This hasn’t been the best time of year for Washington Capitals general manager George McPhee in recent seasons.
The NHL All-Star break usually did little more for the Capitals than prolong the agony of a dismal season.
In the 2003-04 campaign, the Capitals were 17-31-5-2 at the All-Star break for just 41 points. They weren’t much better the next season with a 19-32-5 record for 43 points at the break for the 2006 Winter Olympics.
This year, though, the break is a good time - no, a great time - for George McPhee. His team is one of the hottest in the league with a 30-15-3 mark and 63 points.
“I’m very happy with the first half,” McPhee said.
And the best may be yet to come based on the help that has come from Hershey.
“I’ve been surprised by the high performance level despite the volume of injuries and the play of the young call-ups,” he said. “The organization is deep.”
The way the team has not just survived but excelled in the face of significant injuries bodes well as the Caps get healthier heading into the second half.
The Capitals last season felt the need to add goalie Cristobal Huet and Sergei Fedorov at the trade deadline, but the impact this time around may come from simply getting the roster to full strength or close to it.
“We’re comfortable with the makeup of the team,” McPhee said. “We’d like to see what this team can be when healthy. It is hard to predict what may happen at the trade deadline. It is too early.”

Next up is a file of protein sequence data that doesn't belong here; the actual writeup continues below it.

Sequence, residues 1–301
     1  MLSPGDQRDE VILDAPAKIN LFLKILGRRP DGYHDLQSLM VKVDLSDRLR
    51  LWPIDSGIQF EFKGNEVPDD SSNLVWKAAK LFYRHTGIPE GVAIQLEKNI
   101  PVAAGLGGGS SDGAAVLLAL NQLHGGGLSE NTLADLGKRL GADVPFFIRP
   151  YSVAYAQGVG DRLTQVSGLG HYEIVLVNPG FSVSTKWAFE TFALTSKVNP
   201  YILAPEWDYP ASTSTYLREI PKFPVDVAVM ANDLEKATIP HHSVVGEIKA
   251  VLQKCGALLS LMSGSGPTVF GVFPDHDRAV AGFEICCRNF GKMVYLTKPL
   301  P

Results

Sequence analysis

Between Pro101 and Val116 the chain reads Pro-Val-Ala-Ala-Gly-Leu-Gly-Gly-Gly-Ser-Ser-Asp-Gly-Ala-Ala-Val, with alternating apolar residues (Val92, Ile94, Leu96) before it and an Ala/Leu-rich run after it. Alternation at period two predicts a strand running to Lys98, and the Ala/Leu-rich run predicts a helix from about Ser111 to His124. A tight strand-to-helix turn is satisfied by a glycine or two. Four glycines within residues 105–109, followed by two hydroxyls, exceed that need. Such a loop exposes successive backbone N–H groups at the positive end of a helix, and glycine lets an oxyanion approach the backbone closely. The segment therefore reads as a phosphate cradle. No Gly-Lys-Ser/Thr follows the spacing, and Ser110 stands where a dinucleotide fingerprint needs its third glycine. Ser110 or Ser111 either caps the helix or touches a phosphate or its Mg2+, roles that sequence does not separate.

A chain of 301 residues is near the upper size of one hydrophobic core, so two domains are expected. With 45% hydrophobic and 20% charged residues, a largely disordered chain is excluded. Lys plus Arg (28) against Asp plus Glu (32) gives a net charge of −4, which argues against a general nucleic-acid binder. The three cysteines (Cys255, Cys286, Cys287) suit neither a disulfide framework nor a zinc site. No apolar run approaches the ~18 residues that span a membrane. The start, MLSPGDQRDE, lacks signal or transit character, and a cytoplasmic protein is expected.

You don’t need to be Barry Melrose to figure out how the Capitals made McPhee a happy man. They have the best player in the league - any arguments otherwise seem sillier and sillier with each game - in Alex Ovechkin, who led the league in goals and ranked third in points entering Wednesday and is on his way to collecting more trophies.
Ovechkin’s young supporting cast of Alexander Semin, Nicklas Backstrom, Mike Green and now Tomas Fleischmann has continued to grow and excel. The play of goalie Jose Theodore, 9-3 since Dec. 23, is making McPhee look like a genius for signing him after Huet accepted an offer from Chicago.
But here’s the most amazing part of this team: coach Bruce Boudreau.
It’s time to stop looking at Boudreau as the “Slap Shot” guy, the career minor leaguer with the everyman, self-deprecating style.
It’s time to start looking at him as a great NHL coach who, after years of toiling in obscure minor league towns, could be building a legacy for himself.
Boudreau took over the Caps last season at Thanksgiving and produced a major turnaround, leading the team to a 37-17-7 record and a playoff spot - a great story. His handling of the club this season - dealing with the injuries and his young stars, pushing his team forward - indicate we are watching more than just a great story.
I don’t want to get too crazy here, but Scotty Bowman produced a record of 49-35-25 in his first 109 games with St. Louis.
Boudreau’s NHL career record after 109 games: 67-32-10.
Like his team, Boudreau has a ways to go before he establishes greatness. For a coach, that comes with Stanley Cups.
But you have to consider the possibility Boudreau has greatness in him.
“Bruce is a great coach,” McPhee said, feeling pretty good about his coach and his team at the All-Star break. “He could be very successful in this league for many years. He is as good as any coach in this league.”
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